What Are My Bees Up To This Winter?

What in the world are my bees up to this winter? I get to watch my bees work all spring, summer and fall long but in the winter I don’t physically SEE them.

So, what are they doing in there?

I like to imagine them tucked into their cozy beds, wearing itty bitty nightcaps and slippers, taking their turns checking on the queen…

But really, they are in a formation called a CLUSTER.

A cluster is exactly what it sounds like – a tightly knit formation of bees. These bees are keeping the hive warm using thermoregulation.

[thur-moh-reg-yuhley-shuhn] noun
The regulation of temperature accomplished by balancing heat gain and heat loss via convection, evaporation and metabolic heat production.

Anatomy of a Cluster

The cluster is a spherically-shaped brood area that aids the colony in maintaining a basic hive temperature in the 59 degree range regardless of outside temperatures.

Since I can’t take a picture of an ACTUAL cluster, I created what I imagine it looks like…

The outer portion of the cluster is an insulating shell and can be anywhere from 1 – 3 inches thick. In order to form this shell the outer bees will fill all of the spaces between the combs and the empty cells in the comb. They are too cold to move but will still attack if the colony is threatened.

The center of the cluster (where the queen is) is much warmer and way less crowded. The bees in the center tend to the queen and any brood. The outside bees move inward and trade places with warmer bees constantly. This movement combined with general wing movement and brood metabolism helps keep the bees warm. It also ensures that the outside bees survive longer.

The ideal temperature range for the colony is 54 to 94 degrees. When brood is present (starting in January) the hive can be at the higher end of the temperature range.

Winter Bees

The bees produced for overwintering are physiologically different than the bees you see foraging in the summer and fall. Winter bees are noticeably bigger. They have large hypopharyngeal glands (the glands used to produce royal jelly for the queen and larvae) and more fat body reserves. These reserves are a whole body storage of food complementary to the colony’s honey stores.

These bees live longer since they have no brood to feed and are not as active. The normal aging process is completely suspended as clustering essentially puts the bees into hibernation.

My cute little winter bee is noticeably bigger than my summer foragers were.

Warm Winter Days

On warm winter days bees will take the opportunity to break the cluster, move closer to their honey stores, fly, and defecate outside the hive. You will also see house bees removing dead bees from the hive.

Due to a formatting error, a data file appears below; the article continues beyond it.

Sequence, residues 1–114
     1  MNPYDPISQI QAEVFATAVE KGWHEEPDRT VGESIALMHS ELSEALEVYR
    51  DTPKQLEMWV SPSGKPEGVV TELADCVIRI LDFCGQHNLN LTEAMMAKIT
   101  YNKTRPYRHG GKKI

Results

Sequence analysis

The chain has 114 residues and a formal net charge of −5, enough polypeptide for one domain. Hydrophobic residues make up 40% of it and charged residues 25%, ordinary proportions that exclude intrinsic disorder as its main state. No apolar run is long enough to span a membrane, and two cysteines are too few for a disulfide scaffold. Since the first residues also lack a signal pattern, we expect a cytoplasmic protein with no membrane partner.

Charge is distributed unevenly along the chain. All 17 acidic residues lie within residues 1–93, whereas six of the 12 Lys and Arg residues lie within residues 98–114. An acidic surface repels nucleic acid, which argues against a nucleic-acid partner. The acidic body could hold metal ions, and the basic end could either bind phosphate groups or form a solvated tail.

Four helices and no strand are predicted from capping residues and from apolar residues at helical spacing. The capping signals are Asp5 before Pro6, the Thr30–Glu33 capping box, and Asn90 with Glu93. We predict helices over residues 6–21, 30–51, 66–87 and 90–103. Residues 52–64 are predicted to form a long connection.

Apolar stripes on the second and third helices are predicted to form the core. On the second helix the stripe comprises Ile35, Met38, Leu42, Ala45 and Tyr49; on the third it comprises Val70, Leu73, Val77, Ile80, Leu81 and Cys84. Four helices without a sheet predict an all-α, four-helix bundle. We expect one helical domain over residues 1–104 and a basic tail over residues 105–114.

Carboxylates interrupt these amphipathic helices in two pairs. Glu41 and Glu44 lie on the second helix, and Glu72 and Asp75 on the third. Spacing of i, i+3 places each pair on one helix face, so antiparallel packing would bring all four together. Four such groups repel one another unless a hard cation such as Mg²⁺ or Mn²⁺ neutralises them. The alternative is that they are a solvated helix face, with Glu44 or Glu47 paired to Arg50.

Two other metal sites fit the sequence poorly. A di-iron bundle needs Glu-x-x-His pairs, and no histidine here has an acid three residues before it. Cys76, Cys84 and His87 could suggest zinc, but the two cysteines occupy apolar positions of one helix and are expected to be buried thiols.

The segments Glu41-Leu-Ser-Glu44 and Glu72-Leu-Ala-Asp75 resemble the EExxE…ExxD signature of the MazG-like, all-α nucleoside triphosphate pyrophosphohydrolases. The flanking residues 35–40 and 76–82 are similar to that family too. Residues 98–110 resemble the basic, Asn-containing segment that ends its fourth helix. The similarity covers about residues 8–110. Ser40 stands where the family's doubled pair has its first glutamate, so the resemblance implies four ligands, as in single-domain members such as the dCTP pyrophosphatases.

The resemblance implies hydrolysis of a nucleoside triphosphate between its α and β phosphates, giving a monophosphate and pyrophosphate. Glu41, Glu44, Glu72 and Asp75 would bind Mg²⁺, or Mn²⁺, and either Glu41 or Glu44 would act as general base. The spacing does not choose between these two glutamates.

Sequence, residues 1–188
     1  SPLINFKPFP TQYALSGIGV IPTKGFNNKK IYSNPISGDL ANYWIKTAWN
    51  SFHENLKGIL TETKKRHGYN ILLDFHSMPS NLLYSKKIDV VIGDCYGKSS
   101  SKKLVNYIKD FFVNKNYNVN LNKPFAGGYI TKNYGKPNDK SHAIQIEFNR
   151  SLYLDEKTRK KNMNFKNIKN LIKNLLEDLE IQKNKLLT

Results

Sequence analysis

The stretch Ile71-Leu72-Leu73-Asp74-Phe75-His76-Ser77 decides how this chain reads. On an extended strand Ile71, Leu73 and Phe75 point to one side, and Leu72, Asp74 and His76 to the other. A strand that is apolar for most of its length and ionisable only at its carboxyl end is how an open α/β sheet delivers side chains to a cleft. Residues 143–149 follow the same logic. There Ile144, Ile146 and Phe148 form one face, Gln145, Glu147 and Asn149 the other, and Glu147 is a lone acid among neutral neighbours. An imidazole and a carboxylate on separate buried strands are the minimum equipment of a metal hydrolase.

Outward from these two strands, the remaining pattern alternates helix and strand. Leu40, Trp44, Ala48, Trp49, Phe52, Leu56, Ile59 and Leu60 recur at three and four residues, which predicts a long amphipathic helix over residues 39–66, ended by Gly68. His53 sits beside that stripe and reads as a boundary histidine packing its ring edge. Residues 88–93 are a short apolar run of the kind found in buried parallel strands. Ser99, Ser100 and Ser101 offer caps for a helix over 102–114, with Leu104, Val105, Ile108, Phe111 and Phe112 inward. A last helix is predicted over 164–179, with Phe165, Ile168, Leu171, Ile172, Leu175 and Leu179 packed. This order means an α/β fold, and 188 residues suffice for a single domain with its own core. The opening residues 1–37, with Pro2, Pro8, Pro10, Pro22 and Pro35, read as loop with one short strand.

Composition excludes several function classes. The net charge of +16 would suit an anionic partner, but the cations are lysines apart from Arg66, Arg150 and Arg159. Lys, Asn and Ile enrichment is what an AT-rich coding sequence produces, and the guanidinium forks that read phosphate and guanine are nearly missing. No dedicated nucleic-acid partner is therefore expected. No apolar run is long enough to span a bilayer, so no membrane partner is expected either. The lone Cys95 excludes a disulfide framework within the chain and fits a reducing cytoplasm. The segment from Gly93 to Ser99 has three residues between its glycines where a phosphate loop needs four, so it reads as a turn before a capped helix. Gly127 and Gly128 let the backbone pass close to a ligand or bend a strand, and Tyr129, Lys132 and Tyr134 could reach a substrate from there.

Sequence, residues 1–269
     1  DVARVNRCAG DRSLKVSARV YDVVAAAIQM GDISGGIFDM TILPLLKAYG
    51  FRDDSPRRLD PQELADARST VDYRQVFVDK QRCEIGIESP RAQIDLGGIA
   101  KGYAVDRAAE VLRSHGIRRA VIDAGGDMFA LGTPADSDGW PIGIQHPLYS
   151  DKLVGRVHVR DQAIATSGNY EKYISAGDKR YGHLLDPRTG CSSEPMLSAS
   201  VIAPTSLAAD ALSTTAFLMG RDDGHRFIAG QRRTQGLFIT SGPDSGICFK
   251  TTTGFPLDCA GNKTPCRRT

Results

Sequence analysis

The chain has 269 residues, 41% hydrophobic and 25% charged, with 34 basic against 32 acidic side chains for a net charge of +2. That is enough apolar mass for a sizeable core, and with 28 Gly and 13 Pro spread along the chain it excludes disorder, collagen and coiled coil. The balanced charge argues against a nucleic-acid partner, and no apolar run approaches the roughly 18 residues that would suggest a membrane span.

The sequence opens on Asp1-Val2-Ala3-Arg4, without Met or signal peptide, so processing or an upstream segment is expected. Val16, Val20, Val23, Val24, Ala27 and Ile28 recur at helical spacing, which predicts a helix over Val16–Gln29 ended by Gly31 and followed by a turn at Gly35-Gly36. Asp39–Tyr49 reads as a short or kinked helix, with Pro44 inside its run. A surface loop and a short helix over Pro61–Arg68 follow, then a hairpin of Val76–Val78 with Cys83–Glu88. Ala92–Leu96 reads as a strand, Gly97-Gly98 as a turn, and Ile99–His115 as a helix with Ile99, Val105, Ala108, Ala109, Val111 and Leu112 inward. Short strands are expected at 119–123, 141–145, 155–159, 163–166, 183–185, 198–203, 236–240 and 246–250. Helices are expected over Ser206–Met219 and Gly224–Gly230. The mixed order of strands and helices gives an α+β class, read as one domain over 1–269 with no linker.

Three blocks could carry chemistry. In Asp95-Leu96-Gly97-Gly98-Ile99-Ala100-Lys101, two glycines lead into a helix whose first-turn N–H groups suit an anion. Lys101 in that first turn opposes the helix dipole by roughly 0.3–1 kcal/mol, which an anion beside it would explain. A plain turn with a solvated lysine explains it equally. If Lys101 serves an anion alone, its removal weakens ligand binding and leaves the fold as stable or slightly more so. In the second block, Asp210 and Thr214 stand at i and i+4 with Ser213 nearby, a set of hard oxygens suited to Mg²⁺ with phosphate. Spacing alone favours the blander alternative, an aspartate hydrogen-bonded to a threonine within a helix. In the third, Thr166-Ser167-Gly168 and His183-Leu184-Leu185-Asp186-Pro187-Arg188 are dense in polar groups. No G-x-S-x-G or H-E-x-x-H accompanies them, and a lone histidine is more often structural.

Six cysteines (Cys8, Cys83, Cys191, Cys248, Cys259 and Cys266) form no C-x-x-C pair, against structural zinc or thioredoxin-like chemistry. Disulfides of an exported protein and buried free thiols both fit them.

These warm spells are instrumental in the overwintering survival of bees and on these days their flight can be pretty intense.

My bees on a warm day in December.

These warm winter days are also when you should observe your hive. You should not open the hive unless you have a really good reason and it is at least 45 degrees out (although I prefer 55 degrees as my bottom temperature to ensure the safety of the bees). If on these warm winter days you see that your bees are still flying, you can relax! All is well.

If you suspect you have a problem then you can go in for a quick inspection or you can open the hive to quickly add some food.

Late Winter

Egg laying for the queen goes dormant in November and December but it resumes in January due to the increasing day length.

The egg laying changes everything.

Now the bees are producing more heat to incubate the new brood which causes energy demands to escalate and food stores to rapidly decline. This is the most stressful time of the year for the colony and they need your help as often as it is safe. Feed them as often as possible to replace diminishing food stores. Use a 1:1 syrup as spring approaches but if temperatures remain frigid, continue to use a sugar board or other solid pollen substitute.

The Buzz on Winter

Bees generally are able to survive anything that winter has in store for them by being able to generate and conserve their own heat. As long as some basic overwintering methods, such as providing a wind block and feeding in critical times, are employed you get to just kick back and relax until spring!

Me building a wind block for my hives since they sit open in a meadow.

I think I’ll spend my time still picturing my bees in their cute little nightcaps and slippers…

Until it’s time for me to build hive boxes for my large apiary expansion this spring, that is.

Honey Bee Biology and Beekeeping by Dewey M. Caron
Honey Bees and Beekeeping: A Year In The Life of an Apiary by Keith Delaplane

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